From Academic Kids
Modern new year celebrations
The most common modern celebrations are:
- January 1 : the first day of the year in the Gregorian calendar used by most developed countries. (For more information, see New Year's Day)
- Rosh Hashanah (Hebrew for 'head of the year') is a celebration that occurs 163 days following Pesach (Passover) (See Hebrew Calendar). In the Gregorian calendar at present, Rosh Hashanah cannot occur before September 5, when it occurred in 1899 and will occur again in 2013. After the year 2089, the differences between the Hebrew Calendar and the Gregorian Calendar will force Rosh Hashanah to be not earlier than September 6. Rosh Hashanah cannot occur later than October 5, when it occurred in 1967 and will again occur in 2043.
- The Chinese New Year occurs every year at a new moon during the winter. The exact date can fall anytime between January 21 and February 21, inclusive, on the Gregorian Calendar. Because the Chinese calendar is astronomically defined, unlike the Gregorian Calendar, the drift of the seasons will change the range. Each year is symbolized by one of twelve animals and one of five elements, with the combinations of animals and elements (or stems) cycling every sixty years. It is perhaps the most important Chinese holiday. The Chinese New Year is generally celebrated with firecrackers, and in some places with a parade.
- In the Bah᧭ calendar, the new year occurs on the vernal equinox on March 21, and is called Naw-R?
- The Telugu New Year generally falls in the months of March or April. The people of Andhra Pradesh, India celebrate the advent of Lunar year this day.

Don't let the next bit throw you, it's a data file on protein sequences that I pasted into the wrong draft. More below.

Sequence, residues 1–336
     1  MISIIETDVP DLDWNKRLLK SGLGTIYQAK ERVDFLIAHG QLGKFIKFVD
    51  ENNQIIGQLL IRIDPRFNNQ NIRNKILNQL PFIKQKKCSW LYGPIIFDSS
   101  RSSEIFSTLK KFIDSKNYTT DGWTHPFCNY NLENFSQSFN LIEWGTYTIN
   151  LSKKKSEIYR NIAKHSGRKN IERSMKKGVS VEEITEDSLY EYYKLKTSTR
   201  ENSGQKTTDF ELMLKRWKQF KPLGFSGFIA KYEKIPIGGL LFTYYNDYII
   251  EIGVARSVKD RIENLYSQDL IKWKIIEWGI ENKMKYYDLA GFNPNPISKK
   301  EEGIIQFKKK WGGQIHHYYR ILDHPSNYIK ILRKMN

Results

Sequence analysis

- The Bengali New Year Poila Baisakh is celebrated on April 14 or April 15 in a festive manner in both Bangladesh and West Bengal.
- The Vietnamese New Year is the [[T괝] Nguyen Dan. It is celebrated on the same day as Chinese New Year.
- Some neo-pagans celebrate Samhain as a new year's day representing the new cycle of the Wheel of the Year, although they do not use a different calendar that starts on this day.
- The Sunni Muslim New Year is celebrated on 1 Muharram. Since the Muslim calendar is based on 12 lunar months amounting to about 354 days, the Gregorian date of this is earlier each year. 2008 will see two Muslim New Years.
Historical dates for the new year
The ancient Roman calendar had only ten months and started the year on 1 March, which is still reflected in the names of some months which derive from Roman numerals: September (Seventh), October (Eighth), November (Ninth), December (Tenth). Around 715 BC the months of January, February and Mercedonius were added to the end of the year (Mercedonius only in leap years). Because consuls were chosen in January, and because years were named after the consuls who served in that year, January became the de facto beginning of the year. In 45 BC, Julius Caesar introduced the Julian calendar, dropping Mercedonius and decreeing that the New Year should start on 1 January.
- In Christmas Style dating the new year started on 25 December. This was used in Germany and England until the 13th century, and in Spain from the 14th to the 16th century.
- In Annunciation Style dating the new year started on 25 March, the feast of the Annunciation. This was used in many parts of Europe until the introduction of the Gregorian calendar in 1582. Annunciation Style continued to be used in England until 1752 for some official records such as the tax year, but over that period it gradually fell out of favour and was replaced by Circumcision Style.
- In Easter Style dating, the new year started on Easter Saturday (or sometimes on Good Friday). This was used in France from the 11th to the 16th century. A disadvantage of this system was that because Easter was a movable feast the same date could occur twice in a year; the two occurrences were distinguished as "before Easter" and "after Easter".
- In Circumcision Style dating, the new year started on 1 January, the feast of the Circumcision (of Jesus).
- The ancient Roman new year of 1 March was used in the Republic of Venice until its destruction in 1797, and in Russia until the 14th century.
- 1 September was used in Russia from the 14th century until the adoption of the Julian calendar.